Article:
Mathematical Biology Seminar

Michael Sanderson, Univ of Mass Medical School
Wednesday March 28, 2007
2:55pm LCB 219
Regulation of smooth muscle cell contraction of airways and blood vessels in the lung: Modeling explains the experiments.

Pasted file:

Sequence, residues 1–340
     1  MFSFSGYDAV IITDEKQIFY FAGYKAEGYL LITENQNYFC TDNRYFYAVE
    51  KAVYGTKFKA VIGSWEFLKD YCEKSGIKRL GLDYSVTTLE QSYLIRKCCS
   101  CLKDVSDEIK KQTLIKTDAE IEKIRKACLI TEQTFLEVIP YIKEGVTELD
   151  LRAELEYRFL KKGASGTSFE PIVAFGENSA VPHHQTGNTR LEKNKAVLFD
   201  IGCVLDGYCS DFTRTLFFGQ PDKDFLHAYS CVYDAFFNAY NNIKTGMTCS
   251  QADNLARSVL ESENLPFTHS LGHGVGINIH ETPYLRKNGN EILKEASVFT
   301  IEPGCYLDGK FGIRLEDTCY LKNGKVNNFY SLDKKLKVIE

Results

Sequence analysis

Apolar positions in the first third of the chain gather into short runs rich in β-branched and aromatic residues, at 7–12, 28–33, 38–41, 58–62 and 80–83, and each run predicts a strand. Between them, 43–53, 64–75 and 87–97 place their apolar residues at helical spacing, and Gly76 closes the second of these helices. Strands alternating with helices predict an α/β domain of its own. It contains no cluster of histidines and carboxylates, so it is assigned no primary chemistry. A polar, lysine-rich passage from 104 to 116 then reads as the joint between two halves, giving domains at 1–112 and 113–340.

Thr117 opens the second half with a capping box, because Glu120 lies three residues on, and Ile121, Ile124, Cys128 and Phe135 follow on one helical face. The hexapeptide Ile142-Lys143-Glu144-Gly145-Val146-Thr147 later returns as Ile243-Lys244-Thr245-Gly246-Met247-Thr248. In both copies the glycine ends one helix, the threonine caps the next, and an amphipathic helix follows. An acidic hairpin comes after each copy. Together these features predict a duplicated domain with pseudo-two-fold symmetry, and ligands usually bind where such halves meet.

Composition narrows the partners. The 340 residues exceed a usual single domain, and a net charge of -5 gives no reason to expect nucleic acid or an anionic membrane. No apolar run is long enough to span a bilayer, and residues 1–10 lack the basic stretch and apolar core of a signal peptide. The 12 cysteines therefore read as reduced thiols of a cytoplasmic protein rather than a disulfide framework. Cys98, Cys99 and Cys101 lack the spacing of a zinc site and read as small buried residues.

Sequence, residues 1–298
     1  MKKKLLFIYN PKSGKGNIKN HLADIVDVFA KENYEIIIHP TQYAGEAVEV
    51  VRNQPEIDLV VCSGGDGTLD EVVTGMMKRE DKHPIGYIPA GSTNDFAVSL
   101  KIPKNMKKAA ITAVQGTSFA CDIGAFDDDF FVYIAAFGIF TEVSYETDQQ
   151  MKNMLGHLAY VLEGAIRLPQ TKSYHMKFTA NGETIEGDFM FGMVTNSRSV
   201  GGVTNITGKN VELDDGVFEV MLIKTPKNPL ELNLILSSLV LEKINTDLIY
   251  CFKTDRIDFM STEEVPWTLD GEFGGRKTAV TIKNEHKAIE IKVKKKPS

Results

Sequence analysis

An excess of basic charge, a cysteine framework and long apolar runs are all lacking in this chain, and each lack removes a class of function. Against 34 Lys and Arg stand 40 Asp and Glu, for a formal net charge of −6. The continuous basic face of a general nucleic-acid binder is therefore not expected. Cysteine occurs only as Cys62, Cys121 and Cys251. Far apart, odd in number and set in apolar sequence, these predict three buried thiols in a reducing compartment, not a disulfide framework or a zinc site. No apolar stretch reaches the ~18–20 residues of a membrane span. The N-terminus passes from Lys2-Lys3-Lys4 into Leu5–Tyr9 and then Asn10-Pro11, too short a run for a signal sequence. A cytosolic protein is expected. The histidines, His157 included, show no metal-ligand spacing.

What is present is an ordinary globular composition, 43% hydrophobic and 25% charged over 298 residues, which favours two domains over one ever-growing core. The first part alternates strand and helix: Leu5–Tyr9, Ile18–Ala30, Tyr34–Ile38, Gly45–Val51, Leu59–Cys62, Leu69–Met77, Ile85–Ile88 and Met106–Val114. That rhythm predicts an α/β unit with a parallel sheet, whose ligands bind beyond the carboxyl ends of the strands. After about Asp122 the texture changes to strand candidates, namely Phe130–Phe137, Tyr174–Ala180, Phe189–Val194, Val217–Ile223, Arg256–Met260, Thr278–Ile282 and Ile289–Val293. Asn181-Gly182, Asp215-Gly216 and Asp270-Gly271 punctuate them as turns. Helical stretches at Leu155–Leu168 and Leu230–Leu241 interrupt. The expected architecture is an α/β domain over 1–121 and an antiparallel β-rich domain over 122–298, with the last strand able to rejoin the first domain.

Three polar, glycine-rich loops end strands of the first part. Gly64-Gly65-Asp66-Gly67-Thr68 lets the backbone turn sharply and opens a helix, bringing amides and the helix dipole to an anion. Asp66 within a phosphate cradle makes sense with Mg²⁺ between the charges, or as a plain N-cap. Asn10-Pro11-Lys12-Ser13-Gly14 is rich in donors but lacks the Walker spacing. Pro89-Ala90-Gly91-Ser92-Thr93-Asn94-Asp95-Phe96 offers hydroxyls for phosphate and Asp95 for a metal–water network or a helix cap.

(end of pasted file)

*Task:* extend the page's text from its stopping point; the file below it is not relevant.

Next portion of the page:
Abstract: The contraction of airway and arteriole smooth muscle cells (SMCs) is a key event in asthma and pulmonary hypertension. However, the Ca2+ signaling mechanisms that regulate the onset of contraction or relaxation are not well understood. We investigated the contractile and Ca2+ signaling responses of SMCs to ACH, 5HT and KCl in small airways and arterioles within mouse lung slices using time-lapse and confocal microscopy. The major finding was that agonist-induced Ca2+ oscillations cause contraction in both airway and arteriole SMCs. Importantly, the magnitude of the contraction was determined by the frequency of the Ca2+ oscillations and suggests that SMC contraction is frequency-modulated. However, the relationship of FM-regulation differs between airway and arteriole SMCs; arteriole SMCs respond with a larger contraction to slow frequency oscillations. In response to KCl, both the airway and arteriole SMCs exhibit low frequency Ca2+ oscillations but this correlated with spasmodic contraction. The extent of contraction of the SMCs was also determined by the Ca2+ sensitivity of the specific SMC. In SMCs prepared with caffeine and ryanodine, the Ca2+ concentration could be manipulated. While elevations in Ca2+ resulted in an initial airway SMC contraction, the sustained elevation in Ca2+ resulted in relaxation of the airway but not the arteriole SMCs. Mathematical modeling of these responses supports the hypothesis that the relaxation rate is a key parameter integrating the Ca2+-induced contractile force. These data indicate that different responses of different SMC types can be mediated by variations in the actin-myosin interactions and raise the possibility that, in the disease state, changes in the relaxation rates can lead to hyper-contractility.